Aparecida on Places for Formation

brazil-popeThis week we come at least to the final section of the Aparecida document’s chapter on “The formative itinerary of missionary disciples.” At last we consider where all this should happen.

     d. Places of Formation for Missionary Disciples

          i. The family, first school of faith

          ii. Parishes

          iii. Small ecclesial communities

          iv. Ecclesial movements and new communities

          v. Seminaries and houses of religious formation

          vi. Catholic education

               1. Catholic educational institutions

               2. Universities and advanced institutions of Catholic education

Because I do not think it can be over-emphasized – and I think Aparecida has wanted us to see this – let us one more time say: true formation is always about real encounter with Jesus Christ, leading to constant continuing conversion, discipleship and continued learning, communion in the life of the Church and the local Christian community, and mission to draw others into all of the above.


The question is how. One key way to approach that question is to ask, “where?”

Aparecida’s first answer is, “the family, first school of faith.” Obviously not everyone grows up in a family that can form them as true Christians. But let us all – those with families and those without families – realize that there is no greater maker of saints than a holy Christian family. And why? Because in the family come opportunities for real, daily prayer – not occasional meetings, but day-to-day – along with the day-to-day struggle for conversion. Family makes it real.

Let me make an appeal: if in any way we think about marriage without thinking about family as the first school of faith, we fail profoundly.

The exclusivity of family – not everyone is part of such a family – should perhaps remind us, too, that formation needs to focus on the particular. Efforts to form absolutely everybody everywhere end in forming no one. We can only form particular people in particular contexts. Is that unfair? It is the reality of the human condition. Let it drive us to mission: to look to work for formation where we can.


Next come three forms of religious organizations: parishes, “small ecclesial communities,” and “ecclesial movement and new communities.”

The parish exists to be a place of formation. What would it mean to make our parish liturgies real places of encounter with Christ? But what could we do, too, to make them places of personal conversion, life-long discipleship, and communion? And places from which we launch out into mission?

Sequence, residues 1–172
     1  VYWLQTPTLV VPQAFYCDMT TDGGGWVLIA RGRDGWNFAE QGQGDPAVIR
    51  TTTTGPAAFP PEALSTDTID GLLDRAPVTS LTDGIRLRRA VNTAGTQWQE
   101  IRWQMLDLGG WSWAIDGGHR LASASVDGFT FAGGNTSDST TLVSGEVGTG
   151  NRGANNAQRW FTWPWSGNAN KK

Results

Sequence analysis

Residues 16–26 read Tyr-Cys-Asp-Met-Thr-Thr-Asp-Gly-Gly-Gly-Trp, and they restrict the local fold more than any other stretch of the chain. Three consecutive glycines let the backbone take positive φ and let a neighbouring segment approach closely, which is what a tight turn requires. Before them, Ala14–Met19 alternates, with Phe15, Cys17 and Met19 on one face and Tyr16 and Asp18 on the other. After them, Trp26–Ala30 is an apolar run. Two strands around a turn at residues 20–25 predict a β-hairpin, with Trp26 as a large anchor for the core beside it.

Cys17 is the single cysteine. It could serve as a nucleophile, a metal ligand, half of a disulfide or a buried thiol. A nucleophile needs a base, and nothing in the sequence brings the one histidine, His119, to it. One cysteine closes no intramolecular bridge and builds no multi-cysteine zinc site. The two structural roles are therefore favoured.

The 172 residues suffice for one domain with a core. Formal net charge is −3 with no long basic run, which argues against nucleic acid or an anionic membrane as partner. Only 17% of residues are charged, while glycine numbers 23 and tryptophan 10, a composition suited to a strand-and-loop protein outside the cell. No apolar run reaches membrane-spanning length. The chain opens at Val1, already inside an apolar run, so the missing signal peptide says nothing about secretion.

The “new movements” exist to complement the parishes, to pick up where parishes fall short. But let them not replace the parishes, which are natural places of encounter, closer to the reality of family.

And let both parishes and big movements encourage us to think about small communities: all the little ways we can gather together, in various ways in various places, to live the faith more deeply. These forms of communion and encounter are necessary!


Finally, Aparecida speaks of schools: seminaries, houses of religious formation, Catholic schools, and universities. Here perhaps I am preaching to the choir, but let us not forget that this is the real purpose of these institutions, the reason they exist: so that as we give people other skills, we also form them as Christians.

Let us consider, then, too, the importance of these institutions. What opportunities for formation are lost when we give up on our educational institutions?


Now, in all of these places we may still ask, how? How, in any of these places, can we bring people to true formation as Christians? The heart of the answer, I think, is in relationship: our relationship with the truth, and our relationship with one another.

These “places” all remind us that true formation can only happen where people are in real contact, whether it is the more natural contact of families and parishes, the explicitly formative contact of small ecclesial communities and big ecclesial movements, or the explicitly educational contact of seminaries and schools.

Perhaps I should point out that Web pages and blogs don’t make Aparecida’s list. Reading is an important part of formation. But real formation means praying together, living together, struggling forward together. It requires true human contact. Let our internet outreach never falsify formation by reducing it to just one element.

Because the other side of formation is our relationship with the truth: the truth of integral formation. How do we form others in the Christian life? By pursuing it ourselves, in its integrity. By never forgetting that it must be always about encounter with Christ, conversion, discipleship, communion with others, and mission.

But perhaps the last word that must be said about formation is that there is no last word. Once we bring people into contact in the context of real, integral, Christian formation, there is no single answer. The answer is in relationships. It is in creativity. And it is in a passionate thirst for our own formation, and to share deeper formation with others.

What could we do to promote formation in our parish?


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